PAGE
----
In the previous nine lessons, you learned how to build a basic HTML5 website. Now what? You can view your website on your personal computer, but no one else can access it yet.
In order to make your website accessible to everyone on the Internet, first you need to find a web hosting service to host your files. You can pay for website hosting from providers such as Media Temple or GoDaddy.com. You can also get one of the many totally free hosting plans that may serve ads on your website.
Once you choose a web hosting service, you will need to upload the website files you created in the previous lesson. Uploading means that you will be transferring the files from your personal computer to the web server provided by your web host. With most web hosts, you will likely get access to a control panel that will allow you to upload files directly from your web browser. You can also upload files via FTP (file transfer protocol) using a FTP client such as CuteFTP, Filezilla, or Cyberduck.
GoDaddy.com sums it up pretty well:
“A domain name, like www.coolexample.com, is a lot like a street address for a house or business. Let’s use the White House as an example. The street address, 1600 Pennsylvania Avenue, is an exact location—like an IP address. You might not know the exact street address, but when you visit Washington, D.C., you can tell your cabbie that you want to visit the White House and still get there. This is how a domain name is used: It’s an easy way to reach the exact location of a website without having to remember its numeric address.”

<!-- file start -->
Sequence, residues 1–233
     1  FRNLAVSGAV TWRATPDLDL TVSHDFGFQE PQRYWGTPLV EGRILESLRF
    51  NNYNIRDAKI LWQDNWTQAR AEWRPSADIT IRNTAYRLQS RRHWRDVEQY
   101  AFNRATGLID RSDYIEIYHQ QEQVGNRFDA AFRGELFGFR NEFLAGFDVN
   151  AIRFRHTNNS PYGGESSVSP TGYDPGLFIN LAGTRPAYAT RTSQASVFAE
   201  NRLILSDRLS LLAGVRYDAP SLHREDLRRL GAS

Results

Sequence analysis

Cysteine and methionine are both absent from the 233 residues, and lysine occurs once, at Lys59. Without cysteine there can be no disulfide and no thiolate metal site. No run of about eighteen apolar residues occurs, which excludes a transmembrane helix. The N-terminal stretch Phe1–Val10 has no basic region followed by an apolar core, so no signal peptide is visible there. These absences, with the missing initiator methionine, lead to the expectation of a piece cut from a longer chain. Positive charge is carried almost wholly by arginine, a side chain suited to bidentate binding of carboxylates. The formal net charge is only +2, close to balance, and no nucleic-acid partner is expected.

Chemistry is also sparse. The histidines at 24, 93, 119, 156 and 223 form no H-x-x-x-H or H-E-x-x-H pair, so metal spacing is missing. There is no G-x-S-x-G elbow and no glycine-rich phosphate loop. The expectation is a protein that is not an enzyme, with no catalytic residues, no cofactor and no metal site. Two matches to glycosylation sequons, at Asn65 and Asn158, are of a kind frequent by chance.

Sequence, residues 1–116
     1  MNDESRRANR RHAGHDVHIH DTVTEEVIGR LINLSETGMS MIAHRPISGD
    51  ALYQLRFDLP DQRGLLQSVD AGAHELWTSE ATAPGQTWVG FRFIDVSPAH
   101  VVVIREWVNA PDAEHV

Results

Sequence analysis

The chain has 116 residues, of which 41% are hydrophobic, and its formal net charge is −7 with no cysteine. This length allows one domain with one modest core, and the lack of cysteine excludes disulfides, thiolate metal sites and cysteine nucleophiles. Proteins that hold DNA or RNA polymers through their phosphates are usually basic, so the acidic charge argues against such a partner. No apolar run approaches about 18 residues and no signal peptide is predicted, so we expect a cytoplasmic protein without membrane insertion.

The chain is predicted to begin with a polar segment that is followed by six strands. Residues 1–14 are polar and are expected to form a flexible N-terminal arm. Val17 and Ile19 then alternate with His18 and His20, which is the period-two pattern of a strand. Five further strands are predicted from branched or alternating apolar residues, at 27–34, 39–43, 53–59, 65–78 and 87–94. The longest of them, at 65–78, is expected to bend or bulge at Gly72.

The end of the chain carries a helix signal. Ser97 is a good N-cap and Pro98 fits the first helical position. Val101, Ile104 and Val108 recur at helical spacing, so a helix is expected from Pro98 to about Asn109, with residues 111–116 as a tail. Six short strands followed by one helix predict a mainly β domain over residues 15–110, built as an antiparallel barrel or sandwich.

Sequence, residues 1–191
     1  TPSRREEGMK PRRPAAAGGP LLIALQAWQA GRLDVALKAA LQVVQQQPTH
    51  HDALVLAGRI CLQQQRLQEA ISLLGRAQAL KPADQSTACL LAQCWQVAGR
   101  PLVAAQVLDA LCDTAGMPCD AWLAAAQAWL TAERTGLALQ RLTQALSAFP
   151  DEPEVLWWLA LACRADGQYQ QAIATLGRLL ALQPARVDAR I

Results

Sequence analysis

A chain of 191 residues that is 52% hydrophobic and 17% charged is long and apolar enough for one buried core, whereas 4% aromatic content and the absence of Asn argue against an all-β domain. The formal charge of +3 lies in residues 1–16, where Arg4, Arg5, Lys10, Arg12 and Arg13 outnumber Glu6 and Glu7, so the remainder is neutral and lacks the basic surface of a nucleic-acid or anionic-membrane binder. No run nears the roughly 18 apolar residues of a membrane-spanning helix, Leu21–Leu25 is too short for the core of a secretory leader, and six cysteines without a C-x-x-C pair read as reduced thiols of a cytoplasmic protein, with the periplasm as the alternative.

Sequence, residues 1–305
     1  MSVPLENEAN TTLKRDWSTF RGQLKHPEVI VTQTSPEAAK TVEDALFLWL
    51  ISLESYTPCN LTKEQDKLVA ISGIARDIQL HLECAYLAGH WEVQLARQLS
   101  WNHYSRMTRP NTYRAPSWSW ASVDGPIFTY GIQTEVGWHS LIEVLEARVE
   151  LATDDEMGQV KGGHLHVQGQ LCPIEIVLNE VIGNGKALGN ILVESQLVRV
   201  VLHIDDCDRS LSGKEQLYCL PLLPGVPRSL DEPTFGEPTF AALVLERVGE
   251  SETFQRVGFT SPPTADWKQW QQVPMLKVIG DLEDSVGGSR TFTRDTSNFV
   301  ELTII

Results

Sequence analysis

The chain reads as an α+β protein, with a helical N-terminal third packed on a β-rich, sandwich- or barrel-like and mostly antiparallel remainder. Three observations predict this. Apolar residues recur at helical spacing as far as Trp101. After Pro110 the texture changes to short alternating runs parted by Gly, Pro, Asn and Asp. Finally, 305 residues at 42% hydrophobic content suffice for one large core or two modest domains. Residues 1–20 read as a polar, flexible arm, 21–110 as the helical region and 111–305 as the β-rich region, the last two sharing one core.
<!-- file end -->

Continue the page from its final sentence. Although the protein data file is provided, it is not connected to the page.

So how do you get yourself a domain name? Your web hosting service can most likely register a domain name for you. If not, you can go to any domain name registrar (such as GoDaddy, Register.com, or Network Solution). You will have to search and find a domain name that is not already taken, which can be hard these days! Once you find the perfect domain name, you can register it by paying a fee (usually for 1 year minimum).
Your web host will be able to provide you with a temporary address that you can use to access your website, so having a domain name is not strictly necessary.
Where to Go From Here
The following resources were invaluable to me when I first started to learn web design, and I still use them often today:
About the author of the course
With over 15 years of experience in front- and back-end web development, Kim LaRocca Henry has been designing websites since her first GeoCities page back in the 1990s. She holds a Computer Science degree from Rutgers University and has worked on everything from thousand-dollar websites to billion-dollar websites! Kim is innovative, agile, and loves figuring out creative solutions to tough problems. When not working, you can find her at the dance studio or rocking out with her cover band.
Share with friends